The year 2018 was remarkable in the technology sector, with interesting products, market twists and scandals (we’re looking at you, Facebook). But now it’s all past, and it’s time to look into the future.
What can we expect from technology giants for the new year to begin? The Teknologya has looked at what companies have done in recent years to understand what to expect from companies like Apple, Google, Microsoft, Amazon, Samsung and Facebook for 2019. Check out:
The year ended was bittersweet for Apple. The company continued to charge for its iPhone, and the good results led the company to become the first publicly traded company in the US to reach a market value of $1 trillion. However, 2019 promises to be more challenging for the company.
The projections presented so far are negative. The company has called for a slowdown in the production of new iPhones, which means the handsets are not being bought at the expected pace. Recent quarters also show a stagnation in the number of iPhones sales, which could be a worrying trend to watch next year.
It will be interesting to see what Apple holds for next year. The company needs to diversify its revenue streams, as more than 60% of everything that goes into the company’s cashier comes from the iPhone. Other products have failed to win the public as iPhone has conquered: the iPad has been steadily declining sales, Apple Watch is still limited niches, Macs remain stable, but do not show growth, while HomePod has been completely overshadowed by competitors Google and Amazon . The only category that continues to rise in the company is that of services.
So, 2019 can be a very treacherous year for Apple. The iPhone will surely carry the company to new big results for a little while, but it needs reinventing itself soon enough, and the risk of being passed on will only increase if it does not happen next year.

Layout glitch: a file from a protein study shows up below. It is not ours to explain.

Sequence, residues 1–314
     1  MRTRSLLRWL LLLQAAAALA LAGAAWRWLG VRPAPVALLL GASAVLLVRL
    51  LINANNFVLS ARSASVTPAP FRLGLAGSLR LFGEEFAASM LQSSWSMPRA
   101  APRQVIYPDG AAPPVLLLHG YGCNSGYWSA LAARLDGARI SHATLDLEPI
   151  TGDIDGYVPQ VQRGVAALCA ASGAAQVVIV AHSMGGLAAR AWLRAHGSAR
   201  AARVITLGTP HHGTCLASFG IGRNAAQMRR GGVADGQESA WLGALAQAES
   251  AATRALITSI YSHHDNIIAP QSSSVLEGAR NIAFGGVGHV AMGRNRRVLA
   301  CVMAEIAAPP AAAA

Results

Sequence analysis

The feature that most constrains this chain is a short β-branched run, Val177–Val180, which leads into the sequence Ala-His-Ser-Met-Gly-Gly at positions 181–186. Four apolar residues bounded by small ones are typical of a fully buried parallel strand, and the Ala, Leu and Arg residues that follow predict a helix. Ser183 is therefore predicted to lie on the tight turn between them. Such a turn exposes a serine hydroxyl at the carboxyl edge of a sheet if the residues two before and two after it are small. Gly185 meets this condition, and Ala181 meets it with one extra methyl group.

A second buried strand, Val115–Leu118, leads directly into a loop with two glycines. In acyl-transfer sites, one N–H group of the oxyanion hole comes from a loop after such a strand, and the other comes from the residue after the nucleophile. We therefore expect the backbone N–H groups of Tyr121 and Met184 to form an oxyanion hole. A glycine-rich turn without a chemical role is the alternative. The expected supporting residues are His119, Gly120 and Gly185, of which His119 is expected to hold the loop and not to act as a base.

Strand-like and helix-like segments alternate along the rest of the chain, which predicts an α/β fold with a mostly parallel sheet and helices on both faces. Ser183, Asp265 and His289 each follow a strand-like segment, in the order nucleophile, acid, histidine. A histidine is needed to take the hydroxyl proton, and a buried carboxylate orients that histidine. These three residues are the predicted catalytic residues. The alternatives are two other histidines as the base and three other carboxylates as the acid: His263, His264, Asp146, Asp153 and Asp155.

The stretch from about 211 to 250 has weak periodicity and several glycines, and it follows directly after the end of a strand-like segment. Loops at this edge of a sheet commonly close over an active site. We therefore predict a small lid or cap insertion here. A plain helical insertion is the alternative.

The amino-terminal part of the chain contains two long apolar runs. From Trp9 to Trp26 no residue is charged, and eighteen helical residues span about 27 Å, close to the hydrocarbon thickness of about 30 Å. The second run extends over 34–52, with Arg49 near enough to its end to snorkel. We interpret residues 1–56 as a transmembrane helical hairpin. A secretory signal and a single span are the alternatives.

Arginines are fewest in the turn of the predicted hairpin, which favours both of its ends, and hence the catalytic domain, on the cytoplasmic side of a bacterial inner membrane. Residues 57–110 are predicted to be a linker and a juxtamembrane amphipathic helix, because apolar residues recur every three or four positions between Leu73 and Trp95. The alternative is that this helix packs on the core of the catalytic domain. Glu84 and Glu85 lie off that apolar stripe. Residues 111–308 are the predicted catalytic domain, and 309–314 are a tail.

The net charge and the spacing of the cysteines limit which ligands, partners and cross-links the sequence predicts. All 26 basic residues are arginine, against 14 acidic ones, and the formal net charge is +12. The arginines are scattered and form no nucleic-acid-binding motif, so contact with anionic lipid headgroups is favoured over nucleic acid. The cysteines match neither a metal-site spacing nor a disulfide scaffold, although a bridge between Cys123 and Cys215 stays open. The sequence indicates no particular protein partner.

It’s also worth noting that 2018 was an “S” year, which means iPhones only saw spec upgrades without major aesthetic renewal. If the company keeps the logic it has maintained since it started to launch smartphones, we should have an iPhone different from the X and XS models.
Unlike many of its rivals, Google had a reasonably quiet year of 2018. The company got a hand in Pixel 3, did not get involved in big scandals like Facebook (although it also has very questionable policies regarding privacy) and has quite diversified activities, so its results do not depend on just one product that can go out of style at some point, as is the case with Apple.
By 2019, we should see a Google increasingly invested in artificial intelligence. During this closing year, the company even introduced the Duplex, a new technology integrated with the Google Assistant that allows a robot to make calls by the user to set schedules in restaurants and beauty salons, for example. This kind of thing should be increasingly common for the company, which should integrate AI into all its services.
In the end, however, the business model will continue to be no different from what it is today: harnessing the good free services provided to users in exchange for their personal data, used to target ads in a way that is ever closer to the public.
The year 2018 was horrible for Facebook. The company was bombarded by scandals, boycotted, saw its stock plummet, its reputation as the public disintegrate and its user base began to stagnate and even fall into major markets such as the United States and Europe.
In this situation, what can we expect from Facebook next year? It is hard to believe that the company will not have new problems in 2019, because they are many years of problematic management. The trend is that we have new skeletons found in Mark Zuckerberg’s closet throughout the year.